I was just messing around on my lunch break reading about XCOM 2 when I came across this interview with the lead designer of X-Com (Jake Solomon) on Gamespot.
He covers a lot of ground and explains a lot of the challenges game-developers face and why some big games inevitably fail.
I found a couple of his comments interesting and they made me think about some of the design decisions that lead to DoW III. At one point, the interviewer asks whose opinion matters more for what happens in the game. The response:
Unquestionably the fans, unquestionably. I always, always say that our players' values are our values. They have to be. I always have to project players' values onto my own, and when I'm designing a feature I have to try and say, "This is something they're going to appreciate or they're going to like," because if I don't, if I'm off this way, then the problem is, I'm going to have to readjust. It's not like the players are going to readjust what they like based on what I've said.
He then goes on to acknowledge criticism about X-COM 2's "timed missions", saying:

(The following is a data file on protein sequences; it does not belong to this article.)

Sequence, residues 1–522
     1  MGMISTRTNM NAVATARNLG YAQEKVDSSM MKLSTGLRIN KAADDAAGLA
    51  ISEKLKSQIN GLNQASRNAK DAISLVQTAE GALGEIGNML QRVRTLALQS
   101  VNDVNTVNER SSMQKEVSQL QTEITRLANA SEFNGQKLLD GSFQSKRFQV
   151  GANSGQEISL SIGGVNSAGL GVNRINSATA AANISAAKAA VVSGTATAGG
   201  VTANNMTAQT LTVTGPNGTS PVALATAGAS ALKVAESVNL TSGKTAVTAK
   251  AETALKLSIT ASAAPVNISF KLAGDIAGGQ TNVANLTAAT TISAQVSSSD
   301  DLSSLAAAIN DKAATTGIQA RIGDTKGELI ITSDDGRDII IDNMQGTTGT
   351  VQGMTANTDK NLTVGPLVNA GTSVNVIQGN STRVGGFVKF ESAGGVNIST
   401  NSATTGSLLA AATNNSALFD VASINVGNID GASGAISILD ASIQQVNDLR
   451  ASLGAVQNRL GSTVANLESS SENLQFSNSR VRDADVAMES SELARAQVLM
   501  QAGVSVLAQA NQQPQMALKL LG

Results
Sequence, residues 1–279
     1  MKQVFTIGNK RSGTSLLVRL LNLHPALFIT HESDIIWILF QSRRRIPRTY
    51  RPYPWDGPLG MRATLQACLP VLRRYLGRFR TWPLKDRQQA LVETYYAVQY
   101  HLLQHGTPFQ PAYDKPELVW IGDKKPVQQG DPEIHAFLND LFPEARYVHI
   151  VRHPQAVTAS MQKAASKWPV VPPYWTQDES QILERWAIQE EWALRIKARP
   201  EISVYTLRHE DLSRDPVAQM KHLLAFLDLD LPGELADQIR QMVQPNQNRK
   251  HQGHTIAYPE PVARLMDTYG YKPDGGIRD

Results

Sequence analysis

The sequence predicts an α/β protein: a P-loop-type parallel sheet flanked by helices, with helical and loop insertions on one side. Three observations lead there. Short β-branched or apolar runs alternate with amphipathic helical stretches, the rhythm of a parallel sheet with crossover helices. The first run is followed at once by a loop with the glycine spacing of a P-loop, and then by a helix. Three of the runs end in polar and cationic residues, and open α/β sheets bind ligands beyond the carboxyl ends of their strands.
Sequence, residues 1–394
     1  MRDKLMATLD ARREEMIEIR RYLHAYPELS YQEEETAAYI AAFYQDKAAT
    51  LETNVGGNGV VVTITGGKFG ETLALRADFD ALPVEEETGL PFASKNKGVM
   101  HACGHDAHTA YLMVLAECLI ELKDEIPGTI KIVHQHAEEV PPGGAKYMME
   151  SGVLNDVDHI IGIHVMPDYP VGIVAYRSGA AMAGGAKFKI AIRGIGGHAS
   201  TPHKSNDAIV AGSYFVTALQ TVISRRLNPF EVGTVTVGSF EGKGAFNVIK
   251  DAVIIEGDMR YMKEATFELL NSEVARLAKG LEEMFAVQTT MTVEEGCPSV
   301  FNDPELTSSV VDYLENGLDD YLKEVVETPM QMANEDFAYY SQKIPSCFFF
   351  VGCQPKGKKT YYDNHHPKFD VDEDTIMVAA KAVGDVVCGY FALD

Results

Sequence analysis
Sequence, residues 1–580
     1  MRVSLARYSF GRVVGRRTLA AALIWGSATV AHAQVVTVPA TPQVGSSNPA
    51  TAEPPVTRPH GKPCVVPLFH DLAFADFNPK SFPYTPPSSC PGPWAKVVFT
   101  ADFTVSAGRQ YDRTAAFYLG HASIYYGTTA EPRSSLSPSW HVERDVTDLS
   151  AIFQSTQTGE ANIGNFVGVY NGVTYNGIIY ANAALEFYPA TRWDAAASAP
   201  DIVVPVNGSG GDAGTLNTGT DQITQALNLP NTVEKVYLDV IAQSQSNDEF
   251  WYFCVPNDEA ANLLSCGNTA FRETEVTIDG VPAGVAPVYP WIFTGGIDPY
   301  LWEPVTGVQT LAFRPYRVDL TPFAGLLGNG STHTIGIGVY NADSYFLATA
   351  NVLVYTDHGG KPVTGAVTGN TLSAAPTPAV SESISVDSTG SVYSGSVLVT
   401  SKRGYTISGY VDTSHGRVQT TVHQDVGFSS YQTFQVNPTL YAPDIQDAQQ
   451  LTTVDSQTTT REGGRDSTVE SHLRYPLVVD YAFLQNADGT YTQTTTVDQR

The problem is, some players didn't like that kind of pressure on them, and it's not for me to then defend my design decisions.** Another death trap for designers is to say, "Let me explain to you why I'm right and you're wrong."** Instead, the goal is to say, "Okay, if that's what my players' values are, I need to readjust." It's one of the hardest things, but I really have to force myself to say, "I need to find a way to make this work with my players' values, not my own particular opinion about what's the best design."
I think this is an important point to touch on, because we've seen a lot of disappointment/confusion/arguing about DoW III and how different it is from previous games (and how different DoW II was from DOW I). There's also a lot of white noise and contention around whether or not DoW III is a "good" or "bad" game (I'm certainly guilty of that), when I think Solomon has a better perspective on it than most:
When you make your first game, you feel like you have creative ownership over it. When you make games that have an audience already, then you shift the ownership over to your audience. And now you're in a position where you're sort of curating this game for your audience, and you can have this back and forth with them in terms of understanding what it is they want.
In this regard, I feel that Relic really slipped up. Thoughts?